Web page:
As presented in FIG. 5, the interconnect between the inlet and outlet telephone circuit is on the line control unit via a line relay group 411, and then via the circuit routing matrix 51, as previously mentioned. The line relay group 411 employs complementary - MOS (CMOS) analog switches and dry reed relays for signal control. The CMOS elements used in the preferred embodiment are commercially available RCA CD4016 units. They are employed in the multiplexing of analog signals from the call progress tone sources via audible tone amplifiers 412 and from other analog inputs from the circuit routing matrix via split bypass amplifier 413. The dry reed relays employed in the preferred embodiment are commercially available Struthers-Dunn MRRN Series units. They are employed in the splitting of the analog signal line between the analog multiplex bus and the inlet signal pair CT/CR; in the splitting of the analog signal line between the circuit routing matrix inlet and the inlet signal pair CT/CR; and in the individual breaking of the DC signal leads interconnected between the circuit routing matrix inlet and the inlet DC signalling pair CBS1/CS.
Further presented in FIG. 5 are the line control unit elements for the detection of analog and DC signals on the trunk line. These signals are detected by sampling, via the micro-computer system application program, the converted output of the audible tone receiver 420 and the DC signalling buffer 419. The audible tone receiver is an AM Detector, as is well known in the art, and is designed for the detection of telephone network type audible tone signals with protection against interference from voice currents or other tone signalling systems; and the DC signalling buffer 419 provides high to low level voltage conversion between the trunk line interface CBS1/CS and the IC logic element interface.
The logic elements requisite to the software selectable line control unit operation by the microcomputer system via the system bus 90, includes standard MSI, SSI and discrete units interconnected in a conventional manner. As shown in FIG. 5, in the preferred embodiment, the decode function 414 employs 74LS138 MSI logic elements; the output data bus interface 415 uses F9334PC MSI logic elements and the input data base interface 418 uses 74LS251 MSI logic elements. In addition, to support the duration of inputted audible tones, a cadence generator 416 makes use of a 74123 MSI logic element. Further, in the preferred embodiment, a conventional analog application of operational amplifiers employing Motorola MC1458V is used for the previously described amplifiers and receivers, 412, 413 and 420.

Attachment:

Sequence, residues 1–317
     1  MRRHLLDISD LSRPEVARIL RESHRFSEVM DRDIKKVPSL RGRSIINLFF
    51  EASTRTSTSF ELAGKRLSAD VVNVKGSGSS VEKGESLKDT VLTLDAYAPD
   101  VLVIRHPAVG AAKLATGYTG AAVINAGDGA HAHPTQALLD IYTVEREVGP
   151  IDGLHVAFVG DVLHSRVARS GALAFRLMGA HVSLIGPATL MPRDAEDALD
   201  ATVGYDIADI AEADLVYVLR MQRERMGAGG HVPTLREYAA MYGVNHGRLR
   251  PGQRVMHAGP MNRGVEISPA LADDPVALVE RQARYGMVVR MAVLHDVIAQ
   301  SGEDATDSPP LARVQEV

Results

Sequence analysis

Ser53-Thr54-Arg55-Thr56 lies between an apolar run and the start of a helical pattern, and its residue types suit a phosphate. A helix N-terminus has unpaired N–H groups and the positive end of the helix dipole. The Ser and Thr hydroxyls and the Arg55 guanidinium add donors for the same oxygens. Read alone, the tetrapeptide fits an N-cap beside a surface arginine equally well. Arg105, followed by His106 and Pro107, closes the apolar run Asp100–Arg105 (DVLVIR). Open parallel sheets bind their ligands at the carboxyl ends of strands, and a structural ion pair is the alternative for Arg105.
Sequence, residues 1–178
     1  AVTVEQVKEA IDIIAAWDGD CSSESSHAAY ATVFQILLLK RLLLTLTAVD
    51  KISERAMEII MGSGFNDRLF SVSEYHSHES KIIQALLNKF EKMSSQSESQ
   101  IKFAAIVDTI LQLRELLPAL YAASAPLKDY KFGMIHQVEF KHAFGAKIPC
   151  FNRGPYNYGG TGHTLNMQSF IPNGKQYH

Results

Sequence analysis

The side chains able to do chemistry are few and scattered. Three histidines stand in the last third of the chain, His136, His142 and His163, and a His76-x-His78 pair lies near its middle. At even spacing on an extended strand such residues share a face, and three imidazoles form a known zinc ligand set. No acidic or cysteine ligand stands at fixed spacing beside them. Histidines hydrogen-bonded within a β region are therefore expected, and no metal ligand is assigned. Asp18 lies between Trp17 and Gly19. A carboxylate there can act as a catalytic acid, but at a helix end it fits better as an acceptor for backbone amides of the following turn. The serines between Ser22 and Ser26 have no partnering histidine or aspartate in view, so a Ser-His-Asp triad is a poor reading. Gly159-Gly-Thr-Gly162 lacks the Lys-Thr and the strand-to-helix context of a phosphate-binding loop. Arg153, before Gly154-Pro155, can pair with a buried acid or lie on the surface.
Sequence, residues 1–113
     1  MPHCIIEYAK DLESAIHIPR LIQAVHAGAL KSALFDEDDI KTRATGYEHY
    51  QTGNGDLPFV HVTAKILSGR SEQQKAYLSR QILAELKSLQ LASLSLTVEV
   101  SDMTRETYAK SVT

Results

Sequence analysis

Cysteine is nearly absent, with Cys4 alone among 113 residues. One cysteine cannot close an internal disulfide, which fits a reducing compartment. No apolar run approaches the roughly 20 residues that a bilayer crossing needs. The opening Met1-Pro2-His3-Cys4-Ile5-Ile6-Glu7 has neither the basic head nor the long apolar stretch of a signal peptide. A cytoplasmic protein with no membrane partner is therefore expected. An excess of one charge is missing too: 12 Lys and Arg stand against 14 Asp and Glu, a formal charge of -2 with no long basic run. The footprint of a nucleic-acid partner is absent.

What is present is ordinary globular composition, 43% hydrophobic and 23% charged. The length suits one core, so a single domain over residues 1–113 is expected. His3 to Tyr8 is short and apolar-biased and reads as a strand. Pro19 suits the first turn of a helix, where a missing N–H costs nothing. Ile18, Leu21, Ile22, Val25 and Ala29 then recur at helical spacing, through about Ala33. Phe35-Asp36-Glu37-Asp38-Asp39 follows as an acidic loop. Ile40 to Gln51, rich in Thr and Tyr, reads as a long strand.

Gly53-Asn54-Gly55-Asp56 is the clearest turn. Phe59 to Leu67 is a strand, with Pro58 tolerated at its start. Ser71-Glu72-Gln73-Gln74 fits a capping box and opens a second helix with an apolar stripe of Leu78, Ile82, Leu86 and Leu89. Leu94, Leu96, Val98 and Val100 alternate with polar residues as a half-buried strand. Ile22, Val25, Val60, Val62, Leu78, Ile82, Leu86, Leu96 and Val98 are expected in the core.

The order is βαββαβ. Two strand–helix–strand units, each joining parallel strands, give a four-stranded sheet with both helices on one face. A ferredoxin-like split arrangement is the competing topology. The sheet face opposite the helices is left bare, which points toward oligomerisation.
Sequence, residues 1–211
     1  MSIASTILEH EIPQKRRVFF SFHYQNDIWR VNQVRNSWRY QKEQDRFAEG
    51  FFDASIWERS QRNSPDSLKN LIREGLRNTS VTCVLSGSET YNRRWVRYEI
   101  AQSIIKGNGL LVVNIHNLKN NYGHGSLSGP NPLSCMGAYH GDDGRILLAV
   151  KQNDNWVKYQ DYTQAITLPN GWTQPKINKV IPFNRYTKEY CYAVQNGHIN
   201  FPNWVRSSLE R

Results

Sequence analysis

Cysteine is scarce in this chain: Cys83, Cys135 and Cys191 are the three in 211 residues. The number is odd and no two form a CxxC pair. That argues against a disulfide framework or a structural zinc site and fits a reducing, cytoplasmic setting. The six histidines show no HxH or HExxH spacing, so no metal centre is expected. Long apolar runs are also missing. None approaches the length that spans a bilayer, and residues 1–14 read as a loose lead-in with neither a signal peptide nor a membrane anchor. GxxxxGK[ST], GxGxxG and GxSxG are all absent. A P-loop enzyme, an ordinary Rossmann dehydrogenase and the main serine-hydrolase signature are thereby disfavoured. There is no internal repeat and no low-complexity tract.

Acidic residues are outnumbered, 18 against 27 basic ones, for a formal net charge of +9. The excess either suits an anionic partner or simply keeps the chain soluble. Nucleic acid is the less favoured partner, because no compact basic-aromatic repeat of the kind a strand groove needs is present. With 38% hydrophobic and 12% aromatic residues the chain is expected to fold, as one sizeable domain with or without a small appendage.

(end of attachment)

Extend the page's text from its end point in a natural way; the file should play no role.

Refer now to FIG. 6, which is a detailed schematic illustration of the circuit routing matrix 51. The circuit routing matrix 51 provides switching between an inlet telephone circuit via a unit in the line control group 41 and an outlet telephone circuit; between an inlet telephone circuit via a unit in the line control group 41 and a unit in the tone transceiver group 55; or between an inlet telephone circuit via a unit in the line control group 41 and both the outlet telephone circuit and a unit in the tone transceiver group 55. As aforementioned, the switching is performed by the microcomputer system 49, via the system bus 90, in software selectable modes.
The circuit routing matrix 51 is referred to in the preferred embodiment of the present invention as an assembly of RY-612 Matrix and a BD-611 Buffer Decoder. The matrix unit consists of a sub-array, related axis drivers and ordinate decoders. The buffer decoder unit consists of array decoders, a switching timing circuit and the requisite logic interface with the system bus 90 for the control by the microcomputer system 49.
As presented in FIG. 6, the previously described interconnect is by way of a 4-pole non-blocking array 511. The defined array is obtained by cascading standard units of commercially available matrices. The matrix unit used in the preferred embodiment is a C.P. Clare Mini Memory Matrix 969A48A4B. A 4-pole crosspoint in the matrix is switched by axis drivers 512 which employ power transistor circuitry. FIG. 6A provides a discrete component schematic illustration of the circuitry used in the preferred embodiment to operate with the Clare Matrix, specifically identifying the commercially available drive and power transistor employed.
The logic elements requisite to the software selectable circuit routing matrix operation by the microcomputer system, via the system bus 90, consists of standard MSI and SSI units interconnected in a conventional manner. As shown in FIG. 6, for the preferred embodiment, the output data bus interface 514 uses 75LS174 MSI logic elements and the switching pulse duration timing circuit 515 makes use of a 74123 MSI logic element.
Refer now to FIG. 7, which is a detailed schematic illustration of the tone transceiver group 55. The tone transceived group 55 is an assembly of transceiver units, as previously depicted in FIG. 3. A transceiver unit is used in the activation of the interconnect between an inlet telephone circuit and an outlet telephone circuit via the circuit routing matrix 51. As aforementioned, the control is performed by the microcomputer system 49, via the system bus 90, in software selectable modes.
The transceiver unit is referred to in the preferred embodiment of the present invention as an RS-618 Register/Sender. The unit consists of an assembly of elements for the receiving and transmission of 2-of-8 tone signals on the telephone circuit and the control of a dial tone on the telephone circuit.
As aforementioned, the tone signals appear across telephone circuit interface leads CT/CR and are transmitted to and from the transceiver unit via the line control unit and the circuit routing matrix.